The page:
“Just got to take whatever kind of work comes my way,” he had said with a shrug that betrayed not even a smidgen of self-pity that I’m pretty sure I would be marinating in, were it me in that situation.

The hand-out on the dress code had been run off on a mimeograph machine that had seen much better days. I strained to read the smudged print.

“Um, for women white shirt….um black skirt,” I gestured at my stocky masculine-for-a-chick-figure. “Maybe I could….maybe I would look better in…some dress slacks?”

Dave sighed.

“You…you especially should wear a skirt.”

I spent six days a week between Thanksgiving and Christmas outside the Kmart strip mall on Daytona Beach’s busy Volusia Avenue, ringing that bell every minute of every hour of my workday. I stuffed my chubby figure into a blue skirt that I had tried to dye black. The color hadn’t taken, though, and the skirt was mottled grey except for one clearly demarcated palmprint on the front where I had attempted to apply the dye directly with my hand, like paint.

Earlier that summer I had bleached my hair with a $2.35 box of Clairol hair color and then volunteered to be a guinea pig for a friend’s home spiral perm project. The unintended effect was that it looked as if I had been using Clorox as creme rinse.

The feedback from the shopping public made it clear that they saw me as a slightly unhinged teenage drag queen, which was perhaps not so far from the truth.

More than a few men made inexplicable comments that involved my age, my appearance and whether or not I could actually be gainfully employed as a sex worker although they didn’t phrase these comments nearly so respectfully as I have here.

One a woman a few years older than I was came to a complete stop in front of me, walked back to her car and returned with two friends. They pointed, “Oh my god, what is it?”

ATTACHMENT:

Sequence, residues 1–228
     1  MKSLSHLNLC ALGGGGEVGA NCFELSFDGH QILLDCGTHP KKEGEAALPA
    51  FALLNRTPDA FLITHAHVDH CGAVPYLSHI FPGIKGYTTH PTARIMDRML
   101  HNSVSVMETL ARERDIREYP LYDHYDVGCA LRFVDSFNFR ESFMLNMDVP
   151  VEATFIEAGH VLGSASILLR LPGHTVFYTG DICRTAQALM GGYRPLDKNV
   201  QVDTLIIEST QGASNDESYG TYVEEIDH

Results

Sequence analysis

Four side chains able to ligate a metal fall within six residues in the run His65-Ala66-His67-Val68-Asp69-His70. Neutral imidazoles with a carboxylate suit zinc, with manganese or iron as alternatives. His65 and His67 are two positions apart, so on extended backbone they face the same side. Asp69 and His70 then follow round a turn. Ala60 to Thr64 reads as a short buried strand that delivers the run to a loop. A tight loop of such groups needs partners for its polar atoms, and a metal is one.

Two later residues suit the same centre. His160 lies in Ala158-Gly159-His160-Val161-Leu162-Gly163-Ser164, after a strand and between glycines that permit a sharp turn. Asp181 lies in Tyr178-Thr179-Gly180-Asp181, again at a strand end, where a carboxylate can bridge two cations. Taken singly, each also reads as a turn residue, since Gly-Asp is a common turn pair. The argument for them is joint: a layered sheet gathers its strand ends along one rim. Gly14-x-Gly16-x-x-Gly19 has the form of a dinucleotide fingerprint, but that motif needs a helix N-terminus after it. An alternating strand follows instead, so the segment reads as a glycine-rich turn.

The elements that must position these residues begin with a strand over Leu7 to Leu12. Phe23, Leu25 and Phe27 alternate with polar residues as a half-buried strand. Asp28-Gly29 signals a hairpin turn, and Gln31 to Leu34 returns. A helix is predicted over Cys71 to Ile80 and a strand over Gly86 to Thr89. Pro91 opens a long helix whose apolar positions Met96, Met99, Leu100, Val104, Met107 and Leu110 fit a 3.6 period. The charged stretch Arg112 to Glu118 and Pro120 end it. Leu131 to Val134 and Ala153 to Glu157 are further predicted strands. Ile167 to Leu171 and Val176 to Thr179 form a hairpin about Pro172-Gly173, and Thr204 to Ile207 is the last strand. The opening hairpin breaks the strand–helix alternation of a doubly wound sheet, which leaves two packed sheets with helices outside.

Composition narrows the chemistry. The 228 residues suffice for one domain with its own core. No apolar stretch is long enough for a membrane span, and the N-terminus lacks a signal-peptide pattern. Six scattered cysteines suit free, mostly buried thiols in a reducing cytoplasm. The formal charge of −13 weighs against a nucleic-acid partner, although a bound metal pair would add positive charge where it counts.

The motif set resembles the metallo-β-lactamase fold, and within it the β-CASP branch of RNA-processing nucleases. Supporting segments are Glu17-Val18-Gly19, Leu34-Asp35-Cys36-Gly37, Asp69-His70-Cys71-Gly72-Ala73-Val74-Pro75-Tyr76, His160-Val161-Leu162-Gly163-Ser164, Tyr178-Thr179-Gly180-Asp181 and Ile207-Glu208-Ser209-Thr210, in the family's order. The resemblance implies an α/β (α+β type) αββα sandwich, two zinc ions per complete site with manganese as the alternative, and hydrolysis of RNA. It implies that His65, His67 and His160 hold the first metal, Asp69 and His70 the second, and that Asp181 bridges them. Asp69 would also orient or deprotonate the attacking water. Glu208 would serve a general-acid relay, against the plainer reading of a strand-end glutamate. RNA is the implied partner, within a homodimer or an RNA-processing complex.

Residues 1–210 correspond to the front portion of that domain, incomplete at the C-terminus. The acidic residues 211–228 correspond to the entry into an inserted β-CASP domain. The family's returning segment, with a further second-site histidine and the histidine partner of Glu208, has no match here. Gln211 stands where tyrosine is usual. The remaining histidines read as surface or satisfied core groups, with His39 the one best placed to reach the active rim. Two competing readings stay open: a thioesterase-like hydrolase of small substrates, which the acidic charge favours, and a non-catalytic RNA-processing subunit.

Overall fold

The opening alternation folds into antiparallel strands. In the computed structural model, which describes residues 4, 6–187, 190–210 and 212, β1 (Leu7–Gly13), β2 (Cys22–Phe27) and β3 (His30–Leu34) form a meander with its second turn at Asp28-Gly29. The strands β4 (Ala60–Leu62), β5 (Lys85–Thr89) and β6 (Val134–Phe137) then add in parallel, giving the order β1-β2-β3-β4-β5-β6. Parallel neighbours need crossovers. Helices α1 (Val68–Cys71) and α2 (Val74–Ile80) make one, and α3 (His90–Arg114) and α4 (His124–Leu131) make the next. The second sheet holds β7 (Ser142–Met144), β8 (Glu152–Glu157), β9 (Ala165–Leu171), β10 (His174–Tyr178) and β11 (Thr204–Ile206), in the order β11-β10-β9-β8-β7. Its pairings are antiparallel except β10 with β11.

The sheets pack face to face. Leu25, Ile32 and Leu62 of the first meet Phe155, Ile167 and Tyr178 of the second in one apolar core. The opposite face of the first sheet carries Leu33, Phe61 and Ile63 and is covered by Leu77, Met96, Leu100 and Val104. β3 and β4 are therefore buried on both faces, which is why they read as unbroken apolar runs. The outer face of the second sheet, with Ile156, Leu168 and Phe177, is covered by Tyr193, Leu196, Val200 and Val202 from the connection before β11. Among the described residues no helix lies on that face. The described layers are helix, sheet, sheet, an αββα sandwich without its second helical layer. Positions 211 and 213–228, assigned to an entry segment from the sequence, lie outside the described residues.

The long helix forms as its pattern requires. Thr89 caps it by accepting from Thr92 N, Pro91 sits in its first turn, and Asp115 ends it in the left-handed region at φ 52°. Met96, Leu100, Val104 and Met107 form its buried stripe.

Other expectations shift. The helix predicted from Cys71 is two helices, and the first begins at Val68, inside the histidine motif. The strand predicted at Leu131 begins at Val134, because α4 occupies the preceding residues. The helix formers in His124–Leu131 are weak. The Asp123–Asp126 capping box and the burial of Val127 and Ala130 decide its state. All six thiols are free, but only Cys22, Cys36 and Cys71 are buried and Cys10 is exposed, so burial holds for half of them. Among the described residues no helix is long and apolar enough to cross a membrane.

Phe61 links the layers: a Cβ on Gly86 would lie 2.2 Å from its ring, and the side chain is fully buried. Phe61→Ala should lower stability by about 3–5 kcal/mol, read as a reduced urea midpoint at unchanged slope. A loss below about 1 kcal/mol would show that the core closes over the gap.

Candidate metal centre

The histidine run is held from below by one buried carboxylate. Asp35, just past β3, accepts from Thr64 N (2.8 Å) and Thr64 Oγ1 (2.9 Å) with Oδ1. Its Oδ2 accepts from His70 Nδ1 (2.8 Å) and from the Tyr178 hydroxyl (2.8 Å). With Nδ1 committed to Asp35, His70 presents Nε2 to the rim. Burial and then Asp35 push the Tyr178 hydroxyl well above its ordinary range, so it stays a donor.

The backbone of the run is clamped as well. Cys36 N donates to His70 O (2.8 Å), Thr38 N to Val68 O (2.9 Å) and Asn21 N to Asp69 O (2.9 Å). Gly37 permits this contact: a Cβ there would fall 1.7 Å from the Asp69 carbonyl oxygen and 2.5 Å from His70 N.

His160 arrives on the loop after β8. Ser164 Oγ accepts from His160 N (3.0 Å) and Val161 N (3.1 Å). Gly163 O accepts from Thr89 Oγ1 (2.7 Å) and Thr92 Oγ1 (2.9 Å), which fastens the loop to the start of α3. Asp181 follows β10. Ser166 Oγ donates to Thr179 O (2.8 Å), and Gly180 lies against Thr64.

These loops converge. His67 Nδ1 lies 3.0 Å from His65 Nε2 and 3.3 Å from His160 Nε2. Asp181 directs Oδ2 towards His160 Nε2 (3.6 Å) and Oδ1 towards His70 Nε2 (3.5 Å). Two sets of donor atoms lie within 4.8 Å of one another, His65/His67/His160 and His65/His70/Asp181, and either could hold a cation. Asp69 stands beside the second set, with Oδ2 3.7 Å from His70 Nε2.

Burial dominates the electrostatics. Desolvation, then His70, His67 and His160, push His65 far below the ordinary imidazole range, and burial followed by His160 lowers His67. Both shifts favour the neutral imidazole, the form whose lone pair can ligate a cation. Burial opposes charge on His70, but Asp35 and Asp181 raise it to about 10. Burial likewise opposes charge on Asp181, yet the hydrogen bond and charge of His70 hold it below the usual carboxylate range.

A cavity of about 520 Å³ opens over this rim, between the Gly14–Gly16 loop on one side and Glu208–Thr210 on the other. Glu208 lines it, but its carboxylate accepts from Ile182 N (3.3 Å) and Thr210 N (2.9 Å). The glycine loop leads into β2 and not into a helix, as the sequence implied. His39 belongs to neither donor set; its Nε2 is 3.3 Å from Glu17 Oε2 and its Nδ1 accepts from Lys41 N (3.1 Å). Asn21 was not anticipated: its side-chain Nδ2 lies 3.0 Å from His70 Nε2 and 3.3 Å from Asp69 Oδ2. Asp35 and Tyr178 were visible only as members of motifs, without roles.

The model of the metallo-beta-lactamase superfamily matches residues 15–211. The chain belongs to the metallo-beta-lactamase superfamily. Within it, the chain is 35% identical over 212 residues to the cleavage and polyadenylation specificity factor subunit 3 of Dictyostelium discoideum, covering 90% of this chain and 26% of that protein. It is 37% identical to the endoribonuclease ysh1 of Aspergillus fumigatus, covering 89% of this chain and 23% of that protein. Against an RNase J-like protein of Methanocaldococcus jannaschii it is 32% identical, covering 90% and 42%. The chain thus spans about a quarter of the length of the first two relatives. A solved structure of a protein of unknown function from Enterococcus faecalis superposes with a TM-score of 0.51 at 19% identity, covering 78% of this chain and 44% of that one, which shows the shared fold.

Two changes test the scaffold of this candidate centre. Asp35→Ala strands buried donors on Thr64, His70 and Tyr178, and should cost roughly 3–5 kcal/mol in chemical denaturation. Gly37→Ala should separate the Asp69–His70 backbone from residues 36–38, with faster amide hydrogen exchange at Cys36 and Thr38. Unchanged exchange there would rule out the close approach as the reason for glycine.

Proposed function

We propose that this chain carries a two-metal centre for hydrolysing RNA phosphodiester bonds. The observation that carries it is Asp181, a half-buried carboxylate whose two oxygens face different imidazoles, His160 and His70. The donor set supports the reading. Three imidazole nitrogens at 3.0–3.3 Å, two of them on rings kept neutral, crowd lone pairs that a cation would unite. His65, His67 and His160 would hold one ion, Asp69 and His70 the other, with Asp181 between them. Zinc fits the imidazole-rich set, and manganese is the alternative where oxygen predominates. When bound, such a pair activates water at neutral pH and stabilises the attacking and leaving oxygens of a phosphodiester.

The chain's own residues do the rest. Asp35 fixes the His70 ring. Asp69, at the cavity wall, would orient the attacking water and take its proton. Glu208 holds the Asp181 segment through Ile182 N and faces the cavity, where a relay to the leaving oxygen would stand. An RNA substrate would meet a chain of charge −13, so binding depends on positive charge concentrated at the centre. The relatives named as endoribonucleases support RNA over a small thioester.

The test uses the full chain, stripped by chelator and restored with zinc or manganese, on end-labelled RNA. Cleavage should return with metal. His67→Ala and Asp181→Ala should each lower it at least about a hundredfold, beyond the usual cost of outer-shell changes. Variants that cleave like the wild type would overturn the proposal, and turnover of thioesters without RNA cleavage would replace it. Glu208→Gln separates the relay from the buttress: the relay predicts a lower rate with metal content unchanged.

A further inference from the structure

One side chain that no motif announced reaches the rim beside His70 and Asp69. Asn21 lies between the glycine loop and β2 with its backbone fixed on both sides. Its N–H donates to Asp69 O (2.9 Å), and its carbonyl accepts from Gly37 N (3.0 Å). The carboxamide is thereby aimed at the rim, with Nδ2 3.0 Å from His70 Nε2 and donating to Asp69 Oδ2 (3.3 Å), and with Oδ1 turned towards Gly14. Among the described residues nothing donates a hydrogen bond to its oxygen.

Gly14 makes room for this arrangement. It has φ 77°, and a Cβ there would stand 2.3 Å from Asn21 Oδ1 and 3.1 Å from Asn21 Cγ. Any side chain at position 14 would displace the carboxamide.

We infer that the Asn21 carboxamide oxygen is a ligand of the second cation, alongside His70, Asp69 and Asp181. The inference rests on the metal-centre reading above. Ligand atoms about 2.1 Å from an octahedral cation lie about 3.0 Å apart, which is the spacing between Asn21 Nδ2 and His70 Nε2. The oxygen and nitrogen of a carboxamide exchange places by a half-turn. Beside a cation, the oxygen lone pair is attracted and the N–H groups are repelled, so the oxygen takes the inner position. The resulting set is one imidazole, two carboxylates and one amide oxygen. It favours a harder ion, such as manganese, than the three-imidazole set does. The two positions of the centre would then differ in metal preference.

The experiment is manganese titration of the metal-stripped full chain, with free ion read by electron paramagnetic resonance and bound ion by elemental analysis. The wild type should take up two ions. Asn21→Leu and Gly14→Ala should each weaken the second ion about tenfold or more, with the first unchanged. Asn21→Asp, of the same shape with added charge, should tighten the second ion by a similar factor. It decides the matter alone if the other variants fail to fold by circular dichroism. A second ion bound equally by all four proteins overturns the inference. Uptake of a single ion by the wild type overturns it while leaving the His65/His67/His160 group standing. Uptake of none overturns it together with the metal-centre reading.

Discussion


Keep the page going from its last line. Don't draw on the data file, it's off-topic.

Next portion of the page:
I just kept ringing my bell, smiling at people, not touching the money. Those hours did not pass quickly.

At the end of each day, Dave would come by in his red panel van, take the bucket off my stand, unlock the tiny padlock and empty the money into a large canvas bag. When I asked how he was, each night he’d reply the same way.

“Running ragged, Shelly,” he’d say, inserting a name but never quite my name, “Running ragged.”

I was beginning to understand his deep weariness of life.

It’s been many years since my desperation led me to my bell ringing gig and things have certainly gotten much better for me; I went to nursing school, discovered stand-up comedy, wrote some books, came out as queer.

But since then — or a least since the advent of social media — each fall I start reading similar posts about the Salvation Army, posts that bring me back to those days. I was luckier than most folks doing the bell ringing gig, had some advantages that they didn’t have, and I have many more options now.

You can read the controversies surrounding the Salvation Army and their historical homophobia as well as their current statements about their relationship with the LGBT community and decide for yourself whether their mission is one you want to support.

But when I read about folks (and believe me, it’s all kind of folks) hassling the bell-ringers over Salvation Army policies, it’s hard not to think of it as a form of bullying. While kettles are sometimes staffed by Salvation Army officers and occasionally volunteers, the seasonal workers they hire are mostly just people having a really hard day.

Don’t want to support the Salvation Army? It’s easy. Just don’t put money in that red bucket.

But don’t preach or hassle or be snippy at the bell ringers. They are not the enemy.

Kelly Dunham is an author and speaker living in Brooklyn.